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Descrizione libro Random House Inc, United Kingdom, 2014. Hardback. Condizione libro: New. 234 x 156 mm. Language: English . Brand New Book. One of the most respected journalists in the United States and the bestselling author of The Future Church uses his unparalleled knowledge of world affairs and religious insight to investigate the troubling worldwide persecution of Christians. From Iraq and Egypt to Sudan and Nigeria, from Indonesia to the Indian subcontinent, Christians in the early 21st century are the world s most persecuted religious group. According to the secular International Society for Human Rights, 80 percent of violations of religious freedom in the world today are directed against Christians. In effect, our era is witnessing the rise of a new generation of martyrs. Underlying the global war on Christians is the demographic reality that more than two-thirds of the world s 2.3 billion Christians now live outside the West, often as a beleaguered minority up against a hostile majority-- whether it s Islamic fundamentalism in the Middle East and parts of Africa and Asia, Hindu radicalism in India, or state-imposed atheism in China and North Korea. In Europe and North America, Christians face political and legal challenges to religious freedom. Allen exposes the deadly threats and offers investigative insight into what is and can be done to stop these atrocities. This book is about the most dramatic religion story of the early 21st century, yet one that most people in the West have little idea is even happening: The global war on Christians, writes John Allen. We re not talking about a metaphorical war on religion in Europe and the United States, fought on symbolic terrain such as whether it s okay to erect a nativity set on the courthouse steps, but a rising tide of legal oppression, social harassment and direct physical violence, with Christians as its leading victims. However counter-intuitive it may seem in light of popular stereotypes of Christianity as a powerful and sometimes oppressive social force, Christians today indisputably form the most persecuted religious body on the planet, and too often its new martyrs suffer in silence. This book looks to shatter that silence. Codice libro della libreria AAS9780770437350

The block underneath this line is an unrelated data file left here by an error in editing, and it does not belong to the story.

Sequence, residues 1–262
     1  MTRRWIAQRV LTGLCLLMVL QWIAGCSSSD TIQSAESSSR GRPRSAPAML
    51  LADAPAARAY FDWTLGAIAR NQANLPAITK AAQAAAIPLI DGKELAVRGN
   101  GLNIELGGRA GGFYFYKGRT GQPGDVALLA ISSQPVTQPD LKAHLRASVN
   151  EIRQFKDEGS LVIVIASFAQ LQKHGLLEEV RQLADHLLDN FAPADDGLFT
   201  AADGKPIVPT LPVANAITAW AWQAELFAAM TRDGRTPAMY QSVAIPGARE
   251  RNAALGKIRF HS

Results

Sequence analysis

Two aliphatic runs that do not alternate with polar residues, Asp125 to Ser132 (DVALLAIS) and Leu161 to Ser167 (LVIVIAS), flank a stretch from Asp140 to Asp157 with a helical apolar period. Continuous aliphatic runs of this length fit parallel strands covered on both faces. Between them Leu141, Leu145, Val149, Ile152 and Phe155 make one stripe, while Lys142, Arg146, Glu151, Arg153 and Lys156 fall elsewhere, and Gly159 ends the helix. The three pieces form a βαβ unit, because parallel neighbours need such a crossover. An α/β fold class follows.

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Descrizione libro Random House Inc, United Kingdom, 2014. Hardback. Condizione libro: New. 234 x 156 mm. Language: English . Brand New Book. One of the most respected journalists in the United States and the bestselling author of The Future Church uses his unparalleled knowledge of world affairs and religious insight to investigate the troubling worldwide persecution of Christians. From Iraq and Egypt to Sudan and Nigeria, from Indonesia to the Indian subcontinent, Christians in the early 21st century are the world s most persecuted religious group. According to the secular International Society for Human Rights, 80 percent of violations of religious freedom in the world today are directed against Christians. In effect, our era is witnessing the rise of a new generation of martyrs. Underlying the global war on Christians is the demographic reality that more than two-thirds of the world s 2.3 billion Christians now live outside the West, often as a beleaguered minority up against a hostile majority-- whether it s Islamic fundamentalism in the Middle East and parts of Africa and Asia, Hindu radicalism in India, or state-imposed atheism in China and North Korea. In Europe and North America, Christians face political and legal challenges to religious freedom. Allen exposes the deadly threats and offers investigative insight into what is and can be done to stop these atrocities. This book is about the most dramatic religion story of the early 21st century, yet one that most people in the West have little idea is even happening: The global war on Christians, writes John Allen. We re not talking about a metaphorical war on religion in Europe and the United States, fought on symbolic terrain such as whether it s okay to erect a nativity set on the courthouse steps, but a rising tide of legal oppression, social harassment and direct physical violence, with Christians as its leading victims. However counter-intuitive it may seem in light of popular stereotypes of Christianity as a powerful and sometimes oppressive social force, Christians today indisputably form the most persecuted religious body on the planet, and too often its new martyrs suffer in silence. This book looks to shatter that silence. Codice libro della libreria AAS9780770437350